Withdrawal and Its Effects on Financial Aid
The University recognizes that circumstances may arise that require students to drop some or all of their classes.
- Dropping all classes before the semester begins:
Any time a student withdraws completely from all classes, the financial aid office will require a return of refunds issued that were drawn from federal funds, since the student would have received an ineligible disbursement. If this process occurs before the start of the semester, the student is typically entitled to a refund of University charges.
- Dropping all classes after the semester begins:
If the student completely withdraws after the first week of classes, he or she will have to return a percentage of financial aid equal to the amount of the semester completed. For example, if the student withdraws after completing 30% of his classes, he is only entitled to approximately 30% of his financial aid (and must pay back the remaining 70%).
If this occurs, the office will return a portion of the federal aid money used to pay institutional charges (such as tuition, fees, or university housing) on a student's account. Sometimes this will leave some university charges unpaid, and the student will be billed for this amount. Second, if the student received federal aid funds directly (as a refund, for example) to be used for other educational expenses, the student may have to return some portion of that money. The amount due will appear on the student's bill in about 45 days after the withdrawal date.
- Dropping some classes after the semester begins:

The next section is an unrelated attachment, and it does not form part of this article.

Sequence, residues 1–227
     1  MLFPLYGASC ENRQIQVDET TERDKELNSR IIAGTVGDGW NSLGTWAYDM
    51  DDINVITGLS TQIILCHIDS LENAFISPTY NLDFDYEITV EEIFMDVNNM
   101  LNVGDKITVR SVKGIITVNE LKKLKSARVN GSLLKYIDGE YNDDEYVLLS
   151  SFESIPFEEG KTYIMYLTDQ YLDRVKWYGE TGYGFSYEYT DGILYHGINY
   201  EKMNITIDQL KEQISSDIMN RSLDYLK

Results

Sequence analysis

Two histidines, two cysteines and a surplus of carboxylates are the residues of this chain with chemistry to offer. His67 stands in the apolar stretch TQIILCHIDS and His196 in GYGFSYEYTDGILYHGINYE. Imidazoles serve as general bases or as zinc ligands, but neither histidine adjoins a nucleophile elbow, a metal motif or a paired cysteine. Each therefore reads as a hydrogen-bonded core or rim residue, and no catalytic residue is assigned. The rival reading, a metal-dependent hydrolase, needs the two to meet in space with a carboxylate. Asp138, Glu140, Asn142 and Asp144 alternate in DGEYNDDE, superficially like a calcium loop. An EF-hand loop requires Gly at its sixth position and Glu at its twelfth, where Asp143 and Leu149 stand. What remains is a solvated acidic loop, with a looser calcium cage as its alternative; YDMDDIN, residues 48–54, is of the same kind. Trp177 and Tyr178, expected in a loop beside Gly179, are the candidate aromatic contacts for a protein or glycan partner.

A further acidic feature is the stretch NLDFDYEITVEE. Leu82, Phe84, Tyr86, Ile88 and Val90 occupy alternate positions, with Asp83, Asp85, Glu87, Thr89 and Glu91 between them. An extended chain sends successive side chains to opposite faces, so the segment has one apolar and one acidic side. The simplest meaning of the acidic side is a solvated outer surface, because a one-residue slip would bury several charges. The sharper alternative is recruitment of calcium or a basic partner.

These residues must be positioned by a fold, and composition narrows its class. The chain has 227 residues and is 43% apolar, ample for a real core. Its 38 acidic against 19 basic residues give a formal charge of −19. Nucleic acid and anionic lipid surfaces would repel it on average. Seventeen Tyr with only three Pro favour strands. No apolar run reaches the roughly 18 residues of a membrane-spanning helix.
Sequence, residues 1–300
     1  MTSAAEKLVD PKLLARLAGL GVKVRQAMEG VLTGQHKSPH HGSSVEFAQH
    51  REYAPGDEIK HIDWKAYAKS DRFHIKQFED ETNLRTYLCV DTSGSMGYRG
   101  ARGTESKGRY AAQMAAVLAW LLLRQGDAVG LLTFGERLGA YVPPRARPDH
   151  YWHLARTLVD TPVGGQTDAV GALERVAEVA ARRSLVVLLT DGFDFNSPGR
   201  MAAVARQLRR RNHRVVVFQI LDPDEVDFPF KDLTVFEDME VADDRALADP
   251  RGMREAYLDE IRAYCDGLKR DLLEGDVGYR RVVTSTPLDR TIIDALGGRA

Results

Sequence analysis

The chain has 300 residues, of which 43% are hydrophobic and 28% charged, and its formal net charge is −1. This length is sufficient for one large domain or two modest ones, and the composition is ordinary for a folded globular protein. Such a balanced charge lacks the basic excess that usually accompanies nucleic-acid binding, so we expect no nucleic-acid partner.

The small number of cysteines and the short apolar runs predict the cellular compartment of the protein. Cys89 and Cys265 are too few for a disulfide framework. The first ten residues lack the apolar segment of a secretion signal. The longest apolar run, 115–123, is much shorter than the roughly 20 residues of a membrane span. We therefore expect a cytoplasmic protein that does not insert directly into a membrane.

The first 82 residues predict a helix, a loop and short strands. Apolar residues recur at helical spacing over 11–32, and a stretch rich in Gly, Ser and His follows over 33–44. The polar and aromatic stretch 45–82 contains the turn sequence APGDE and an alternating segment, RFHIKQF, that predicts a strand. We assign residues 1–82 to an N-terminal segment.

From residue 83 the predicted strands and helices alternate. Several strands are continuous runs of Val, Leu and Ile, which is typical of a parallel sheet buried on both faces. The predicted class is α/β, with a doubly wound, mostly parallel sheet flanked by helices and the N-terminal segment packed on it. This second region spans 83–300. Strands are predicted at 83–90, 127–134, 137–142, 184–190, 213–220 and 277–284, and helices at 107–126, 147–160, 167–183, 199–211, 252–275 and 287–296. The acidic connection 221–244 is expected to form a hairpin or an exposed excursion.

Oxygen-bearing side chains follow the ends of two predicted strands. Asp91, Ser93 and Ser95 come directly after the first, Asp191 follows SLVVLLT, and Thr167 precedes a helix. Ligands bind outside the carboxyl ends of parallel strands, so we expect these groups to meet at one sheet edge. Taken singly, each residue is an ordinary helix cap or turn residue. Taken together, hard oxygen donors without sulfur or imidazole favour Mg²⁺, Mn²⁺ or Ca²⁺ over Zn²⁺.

Financial aid recipients are required to complete 67% of the classes originally attempted. (See also Satisfactory Academic Progress Policy.) If the student falls below 67% completion rate, he or she will forfeit their eligibility for federal financial aid. It is critical to exercise discretion when deciding when to drop and add classes after the semester has already begun.
Enrollment information is reported to the National Student Loan Data System, and previously borrowed loans may go into repayment if the student does not meet deferment criteria (half-time enrollment).
- Pell grant recipients must attend all of their courses in order to keep the grant. Failure to attend all courses could result in a reduction of Pell grant funds.
The Catalog of Indiana State University is the document of authority for all students. The requirements given in the Catalog supersede information issued by any academic department, program, college, or school. The University reserves the right to change the requirements at any time. The right to correct errors is also reserved.